It is said, that the tragedy of losing a child brings with it unbearable grief. Grief has been defined as an intense response to the loss which brings on extreme emotional distress.
To me, I thought I had descended into Hell and the pain was so intense, I couldn’t believe the cruelty of it, when my son Robb died. The parent feels disbelief, helplessness, confusion and extreme anxiety. They realize there is also a loss of control over their life and the lives of others they care about. All of this rang true for me, and the first few months the pain was unimaginable.
The professionals say there are five stages of grief: these are anger, denial, bargaining, depression and acceptance. As time goes on, some of the shock and numbness subside and the parent will then tend to feel anger and, depending on the relationship with the child, may also have feelings of guilt, frustration, and shame. Upon losing a child a parent also loses a special bond, a very strong bond and one we assume will last a life time. Over the years, I would often picture my son, Robb, visiting me occasionally in my old age, calling me on the phone, taking care of me if I became ill or needed help. At the wake, I remember standing by his casket looking down at him, disbelieving that he could have died before me, an unnatural interruption in the scheme of the progression of life.
Dealing With Grief
People react differently to all things; so it is with death. A grieving parent should be encouraged to grieve as they feel fit to do. I withdrew from people other than my family and very close friends. I didn’t go near any social events/places for over a year. On the other hand, my husband began going back to play golf a couple of months later. Although I didn’t understand how he could to do that, I knew we each had to grieve in our own way. I went to “grief classes” at a local funeral home, but Bob chose not to go. I did this six week session to help heal myself.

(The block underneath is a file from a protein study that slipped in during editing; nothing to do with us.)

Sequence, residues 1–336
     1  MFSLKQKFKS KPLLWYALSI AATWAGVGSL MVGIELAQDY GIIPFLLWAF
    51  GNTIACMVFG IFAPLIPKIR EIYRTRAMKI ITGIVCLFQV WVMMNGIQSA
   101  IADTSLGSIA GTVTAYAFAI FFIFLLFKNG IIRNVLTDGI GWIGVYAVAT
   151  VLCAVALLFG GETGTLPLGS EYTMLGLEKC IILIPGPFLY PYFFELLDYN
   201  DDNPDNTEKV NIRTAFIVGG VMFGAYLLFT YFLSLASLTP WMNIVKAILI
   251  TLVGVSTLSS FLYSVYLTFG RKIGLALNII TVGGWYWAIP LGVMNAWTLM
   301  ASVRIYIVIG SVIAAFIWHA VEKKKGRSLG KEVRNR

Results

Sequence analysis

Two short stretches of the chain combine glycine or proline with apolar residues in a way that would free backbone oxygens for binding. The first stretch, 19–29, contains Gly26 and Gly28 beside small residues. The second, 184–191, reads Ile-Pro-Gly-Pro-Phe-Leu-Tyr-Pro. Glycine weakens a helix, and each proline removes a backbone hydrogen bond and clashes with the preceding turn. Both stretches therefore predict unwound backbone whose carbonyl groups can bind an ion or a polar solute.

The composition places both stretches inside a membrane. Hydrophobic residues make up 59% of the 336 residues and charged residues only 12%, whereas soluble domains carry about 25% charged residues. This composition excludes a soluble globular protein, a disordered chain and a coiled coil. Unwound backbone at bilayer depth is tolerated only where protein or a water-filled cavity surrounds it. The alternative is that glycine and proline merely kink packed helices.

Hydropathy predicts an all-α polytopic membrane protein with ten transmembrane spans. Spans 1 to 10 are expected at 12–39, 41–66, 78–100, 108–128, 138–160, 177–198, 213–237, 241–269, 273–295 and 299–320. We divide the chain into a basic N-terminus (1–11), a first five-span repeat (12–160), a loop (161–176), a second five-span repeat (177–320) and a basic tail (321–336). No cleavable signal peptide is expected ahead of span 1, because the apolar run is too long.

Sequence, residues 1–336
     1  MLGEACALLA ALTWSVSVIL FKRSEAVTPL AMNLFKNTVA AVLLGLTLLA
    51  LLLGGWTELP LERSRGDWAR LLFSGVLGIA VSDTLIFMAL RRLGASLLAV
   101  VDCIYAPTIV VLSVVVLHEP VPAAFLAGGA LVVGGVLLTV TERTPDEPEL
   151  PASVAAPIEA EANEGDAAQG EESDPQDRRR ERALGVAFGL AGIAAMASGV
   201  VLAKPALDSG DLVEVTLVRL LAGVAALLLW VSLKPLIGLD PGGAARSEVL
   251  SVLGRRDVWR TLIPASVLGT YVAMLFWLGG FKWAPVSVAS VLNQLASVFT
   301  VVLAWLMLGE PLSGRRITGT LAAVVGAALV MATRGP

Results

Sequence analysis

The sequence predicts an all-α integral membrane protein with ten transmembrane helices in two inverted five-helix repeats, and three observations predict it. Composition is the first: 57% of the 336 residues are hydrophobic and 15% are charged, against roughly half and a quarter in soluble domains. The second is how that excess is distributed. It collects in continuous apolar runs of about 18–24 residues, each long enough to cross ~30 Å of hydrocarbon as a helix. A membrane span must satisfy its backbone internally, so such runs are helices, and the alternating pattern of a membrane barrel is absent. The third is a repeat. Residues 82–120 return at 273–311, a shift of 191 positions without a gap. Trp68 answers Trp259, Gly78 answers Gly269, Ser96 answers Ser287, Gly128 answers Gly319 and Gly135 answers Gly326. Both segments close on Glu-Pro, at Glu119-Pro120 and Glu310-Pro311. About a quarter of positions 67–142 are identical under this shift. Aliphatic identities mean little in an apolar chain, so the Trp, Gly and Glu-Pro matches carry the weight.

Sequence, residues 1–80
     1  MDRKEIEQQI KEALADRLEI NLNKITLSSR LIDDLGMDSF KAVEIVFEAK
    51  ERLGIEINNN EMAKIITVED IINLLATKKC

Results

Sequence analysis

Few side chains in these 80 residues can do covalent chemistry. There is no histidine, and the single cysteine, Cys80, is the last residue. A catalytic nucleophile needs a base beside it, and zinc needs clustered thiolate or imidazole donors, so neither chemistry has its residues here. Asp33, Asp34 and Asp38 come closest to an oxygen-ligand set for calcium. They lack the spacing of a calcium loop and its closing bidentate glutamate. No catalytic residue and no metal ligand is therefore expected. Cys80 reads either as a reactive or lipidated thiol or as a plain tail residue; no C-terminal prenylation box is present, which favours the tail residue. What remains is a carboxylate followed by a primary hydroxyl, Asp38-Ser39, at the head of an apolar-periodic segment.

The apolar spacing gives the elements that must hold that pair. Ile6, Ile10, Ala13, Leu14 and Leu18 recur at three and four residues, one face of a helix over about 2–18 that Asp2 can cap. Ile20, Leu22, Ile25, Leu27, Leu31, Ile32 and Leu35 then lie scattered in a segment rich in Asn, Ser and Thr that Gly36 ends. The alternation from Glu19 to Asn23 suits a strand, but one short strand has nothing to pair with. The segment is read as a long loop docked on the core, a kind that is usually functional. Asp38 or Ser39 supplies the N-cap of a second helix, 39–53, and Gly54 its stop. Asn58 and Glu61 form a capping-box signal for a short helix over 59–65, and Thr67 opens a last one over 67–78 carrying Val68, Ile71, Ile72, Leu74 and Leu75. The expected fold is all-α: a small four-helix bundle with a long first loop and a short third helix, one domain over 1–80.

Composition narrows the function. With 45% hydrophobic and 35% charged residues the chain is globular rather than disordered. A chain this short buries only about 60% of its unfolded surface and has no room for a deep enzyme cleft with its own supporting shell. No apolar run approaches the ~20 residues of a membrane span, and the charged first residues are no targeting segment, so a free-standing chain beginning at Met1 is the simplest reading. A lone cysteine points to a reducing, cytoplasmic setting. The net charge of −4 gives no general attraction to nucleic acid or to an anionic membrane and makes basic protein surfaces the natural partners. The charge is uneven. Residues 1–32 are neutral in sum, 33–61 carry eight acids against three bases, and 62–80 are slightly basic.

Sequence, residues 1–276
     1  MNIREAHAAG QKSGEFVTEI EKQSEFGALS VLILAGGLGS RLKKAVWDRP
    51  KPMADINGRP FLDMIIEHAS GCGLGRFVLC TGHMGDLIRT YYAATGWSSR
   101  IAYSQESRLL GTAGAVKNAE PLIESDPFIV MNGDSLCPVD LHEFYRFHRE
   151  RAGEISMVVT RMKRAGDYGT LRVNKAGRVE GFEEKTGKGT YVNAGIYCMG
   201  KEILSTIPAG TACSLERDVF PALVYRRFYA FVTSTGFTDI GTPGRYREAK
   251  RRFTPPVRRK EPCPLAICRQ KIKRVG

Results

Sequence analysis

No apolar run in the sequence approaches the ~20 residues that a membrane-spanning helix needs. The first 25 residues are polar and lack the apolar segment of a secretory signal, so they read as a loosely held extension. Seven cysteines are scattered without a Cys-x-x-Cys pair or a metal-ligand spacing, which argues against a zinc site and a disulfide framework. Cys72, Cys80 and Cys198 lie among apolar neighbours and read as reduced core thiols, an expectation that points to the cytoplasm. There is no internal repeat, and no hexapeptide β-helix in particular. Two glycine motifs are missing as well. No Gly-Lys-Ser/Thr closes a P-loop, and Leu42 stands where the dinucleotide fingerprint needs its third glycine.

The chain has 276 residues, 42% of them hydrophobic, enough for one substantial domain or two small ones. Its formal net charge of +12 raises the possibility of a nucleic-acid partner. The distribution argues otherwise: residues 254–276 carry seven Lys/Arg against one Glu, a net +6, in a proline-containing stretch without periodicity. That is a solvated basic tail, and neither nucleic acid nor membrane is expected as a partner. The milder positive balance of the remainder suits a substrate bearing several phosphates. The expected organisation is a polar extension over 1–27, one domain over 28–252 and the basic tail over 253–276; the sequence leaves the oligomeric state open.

We did read a handbook on grief together recommended by a counseling friend. First, we read the book which helped us see how our society in general views grief and why it’s so difficult to be a grieving person in our culture. Those chapters alone were helpful to me. Then we worked on various writing projects, the point being to cleanse ourselves of the accumulated grief of our past as well as the present loss.
There were other things that helped me with the healing process besides the handbook. I read other books about grief. We got counseling. I took long, quiet walks, mostly by myself and began noticing things, seeing things differently, like flowers, trees, and clouds moving above me. I listened to classical music which I found soothing. My other children, although they seemed to distance themselves from us in the beginning, as time went on we became closer than ever. Eventually I shook off the lethargy and began to force myself to do new things, like planning trips to places we’d never been to before.
The release of grief is something that can’t be hurried. I don’t believe it’s a good idea to just “keep busy” as so many folks advise. I would say use that time to think about and remember the lost child even though it is painful, savor the memories especially the great fun memories of your deceased. Keep moving forward, bringing in new possibilities and opportunities that will enlighten you and possibly help others along in the healing process.
My book, Living Loving and Losing a Son will give you some hope as I discuss how I and my family dealt with the loss of our son. It’s devoted to my son Robert who died on a Sunday morning. He was 37 years old, and a wonderful person. It’s a memoir of our shared life together.